AUSTIN (KXAN) — At a time when nationwide support for same-sex marriage is at an all-time high, Texas Sen. Ted Cruz (R) called the Supreme Court’s Obergefell v. Hodges ruling an overreach Saturday, saying it should be left up to individual states to make a determination about the legality of gay marriage. That ruling happened back in 2015, codifying the right to gay marriage nationwide.

After the Supreme Court overturned its prior Roe v. Wade ruling, Cruz went on his podcast, Verdict with Ted Cruz, Saturday to talk about what could be next for the nation’s highest court.

“Had the court not ruled in Obergefell, the democratic process would have continued to operate that if you believed gay marriage was a good idea, the way the Constitution set up for you to advance that position is to convince your fellow citizens,” Cruz said. “And if you succeeded in convincing your fellow citizens then your state would change the laws to reflect those views.”

He continued: “In Obergefell the court said, ‘no, we know better than you guys do’ and now every state must sanction and permit gay marriage. I think that decision was clearly wrong when it was decided. It was the court overreaching.”

Some legal experts and LGBTQ+ advocates have recently expressed concern about that ruling’s standing after the Supreme Court decided to overturn Roe v. Wade because they argue the two cases rest on the same legal precedent.

On whether Cruz thinks the court would actually overturn Obergefell, he said: “In Dobbs what the Supreme Court said is Roe is different because it’s the only one of the cases that involves the taking of a human life and that’s qualitatively different. I agree with that proposition.”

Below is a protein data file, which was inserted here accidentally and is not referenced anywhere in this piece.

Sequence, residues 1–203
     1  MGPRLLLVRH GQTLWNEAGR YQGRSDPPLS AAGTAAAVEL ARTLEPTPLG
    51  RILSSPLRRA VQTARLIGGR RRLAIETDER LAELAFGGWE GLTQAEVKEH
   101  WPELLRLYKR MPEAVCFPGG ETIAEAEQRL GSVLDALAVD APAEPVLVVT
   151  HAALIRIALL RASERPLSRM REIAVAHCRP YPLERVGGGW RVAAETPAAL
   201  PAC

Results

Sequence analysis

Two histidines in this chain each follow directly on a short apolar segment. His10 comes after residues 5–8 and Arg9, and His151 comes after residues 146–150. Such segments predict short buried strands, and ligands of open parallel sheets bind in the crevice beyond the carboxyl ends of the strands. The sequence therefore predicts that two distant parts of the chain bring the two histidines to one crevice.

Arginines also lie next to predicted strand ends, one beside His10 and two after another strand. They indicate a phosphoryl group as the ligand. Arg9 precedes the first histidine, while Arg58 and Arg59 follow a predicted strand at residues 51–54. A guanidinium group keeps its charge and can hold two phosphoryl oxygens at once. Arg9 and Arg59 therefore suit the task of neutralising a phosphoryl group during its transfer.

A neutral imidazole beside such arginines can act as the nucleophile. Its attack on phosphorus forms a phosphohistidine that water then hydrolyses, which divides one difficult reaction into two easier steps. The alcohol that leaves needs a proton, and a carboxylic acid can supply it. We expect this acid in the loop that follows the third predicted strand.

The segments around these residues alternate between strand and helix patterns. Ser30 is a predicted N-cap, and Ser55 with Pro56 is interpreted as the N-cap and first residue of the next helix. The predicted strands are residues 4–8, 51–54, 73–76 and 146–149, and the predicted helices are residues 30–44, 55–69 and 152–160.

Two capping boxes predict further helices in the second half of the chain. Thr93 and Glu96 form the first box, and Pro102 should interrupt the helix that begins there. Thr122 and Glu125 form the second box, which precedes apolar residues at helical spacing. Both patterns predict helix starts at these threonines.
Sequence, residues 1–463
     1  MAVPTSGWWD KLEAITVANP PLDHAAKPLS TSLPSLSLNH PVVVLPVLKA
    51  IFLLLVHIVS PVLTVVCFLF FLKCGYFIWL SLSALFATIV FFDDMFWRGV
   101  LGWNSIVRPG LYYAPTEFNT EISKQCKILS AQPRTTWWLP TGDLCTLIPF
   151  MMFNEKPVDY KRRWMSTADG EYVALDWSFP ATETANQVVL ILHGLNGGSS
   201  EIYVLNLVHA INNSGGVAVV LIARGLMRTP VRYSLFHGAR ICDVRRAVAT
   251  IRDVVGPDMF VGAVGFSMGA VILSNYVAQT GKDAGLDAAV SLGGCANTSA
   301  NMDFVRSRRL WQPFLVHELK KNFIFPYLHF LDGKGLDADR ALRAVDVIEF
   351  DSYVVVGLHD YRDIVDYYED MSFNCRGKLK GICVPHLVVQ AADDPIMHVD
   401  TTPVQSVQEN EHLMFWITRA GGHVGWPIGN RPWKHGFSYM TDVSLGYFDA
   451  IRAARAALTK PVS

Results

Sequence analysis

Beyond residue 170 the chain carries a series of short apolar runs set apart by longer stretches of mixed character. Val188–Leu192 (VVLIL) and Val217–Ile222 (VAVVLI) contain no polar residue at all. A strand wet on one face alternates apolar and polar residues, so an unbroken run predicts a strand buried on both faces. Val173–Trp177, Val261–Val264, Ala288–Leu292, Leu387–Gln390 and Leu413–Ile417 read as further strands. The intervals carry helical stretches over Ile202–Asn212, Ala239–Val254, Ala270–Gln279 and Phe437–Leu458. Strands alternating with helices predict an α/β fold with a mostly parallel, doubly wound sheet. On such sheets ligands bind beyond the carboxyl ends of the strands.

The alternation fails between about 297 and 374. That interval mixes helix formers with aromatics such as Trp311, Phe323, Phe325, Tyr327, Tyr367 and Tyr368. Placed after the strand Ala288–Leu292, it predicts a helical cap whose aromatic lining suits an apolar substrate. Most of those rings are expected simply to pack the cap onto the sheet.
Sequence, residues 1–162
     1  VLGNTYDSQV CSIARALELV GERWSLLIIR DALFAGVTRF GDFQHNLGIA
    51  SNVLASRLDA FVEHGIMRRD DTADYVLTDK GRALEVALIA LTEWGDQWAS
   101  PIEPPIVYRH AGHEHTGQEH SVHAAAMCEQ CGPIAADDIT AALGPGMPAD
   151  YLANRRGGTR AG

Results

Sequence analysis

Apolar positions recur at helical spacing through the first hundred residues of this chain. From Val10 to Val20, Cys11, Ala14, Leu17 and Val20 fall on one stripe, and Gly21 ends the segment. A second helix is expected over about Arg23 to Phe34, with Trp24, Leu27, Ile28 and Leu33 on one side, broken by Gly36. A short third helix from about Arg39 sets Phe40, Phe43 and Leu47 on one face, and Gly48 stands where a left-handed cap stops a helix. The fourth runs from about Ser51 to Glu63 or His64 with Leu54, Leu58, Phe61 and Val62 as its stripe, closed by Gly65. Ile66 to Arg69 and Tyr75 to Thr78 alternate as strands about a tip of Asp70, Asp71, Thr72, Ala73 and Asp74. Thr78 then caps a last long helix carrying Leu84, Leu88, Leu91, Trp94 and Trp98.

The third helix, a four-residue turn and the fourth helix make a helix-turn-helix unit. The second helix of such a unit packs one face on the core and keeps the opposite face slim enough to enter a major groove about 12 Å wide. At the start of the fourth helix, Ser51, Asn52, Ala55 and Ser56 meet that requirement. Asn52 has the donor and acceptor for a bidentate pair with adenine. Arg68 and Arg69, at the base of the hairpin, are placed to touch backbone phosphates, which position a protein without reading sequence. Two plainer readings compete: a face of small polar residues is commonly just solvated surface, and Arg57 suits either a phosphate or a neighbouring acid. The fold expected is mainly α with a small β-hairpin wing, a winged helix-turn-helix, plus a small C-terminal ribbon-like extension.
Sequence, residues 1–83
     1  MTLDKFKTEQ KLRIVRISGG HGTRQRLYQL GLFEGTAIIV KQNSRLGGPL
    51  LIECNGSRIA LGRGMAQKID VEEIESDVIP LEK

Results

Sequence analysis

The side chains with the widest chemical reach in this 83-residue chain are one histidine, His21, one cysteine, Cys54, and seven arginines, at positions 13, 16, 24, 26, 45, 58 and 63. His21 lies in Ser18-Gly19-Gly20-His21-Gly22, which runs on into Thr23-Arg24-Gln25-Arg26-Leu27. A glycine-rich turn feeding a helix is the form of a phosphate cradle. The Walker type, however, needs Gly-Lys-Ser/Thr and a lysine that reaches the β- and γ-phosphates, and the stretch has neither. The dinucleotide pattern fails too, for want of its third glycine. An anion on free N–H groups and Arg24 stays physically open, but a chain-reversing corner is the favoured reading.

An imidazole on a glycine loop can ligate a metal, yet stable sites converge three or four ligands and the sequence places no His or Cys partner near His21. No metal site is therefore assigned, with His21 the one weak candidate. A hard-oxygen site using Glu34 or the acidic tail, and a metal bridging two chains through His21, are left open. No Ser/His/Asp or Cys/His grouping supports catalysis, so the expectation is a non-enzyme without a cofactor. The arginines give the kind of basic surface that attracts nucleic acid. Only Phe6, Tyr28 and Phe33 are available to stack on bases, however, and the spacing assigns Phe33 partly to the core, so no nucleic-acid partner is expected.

Cruz added he does not think the court “has any appetite for overturning any of these decisions.”

“You’ve got a ton of people who have entered into gay marriages, and it would be more than a little chaotic for the court to do something that somehow disrupted those marriages that have been entered into in accordance with the law,” he said. “I think that would be a factor that would…counsel restraint, that the court would be concerned about.”

Meanwhile, a poll released by Gallup last month showed more than 70% of Americans now agree same-sex couples should have their marriages recognized as legal and share the same rights as other unions. That percentage has gone up year-over-year, hitting an all-time high this year.

Not much data currently exists about how Texans specifically feel about this topic. According to the data archive posted online, the Texas Politics Project at the University of Texas at Austin last asked residents about their opinion on same-sex marriage in June 2017. At that time, 55% said gay and lesbian couples should have the right to marry, while 32% said they should not.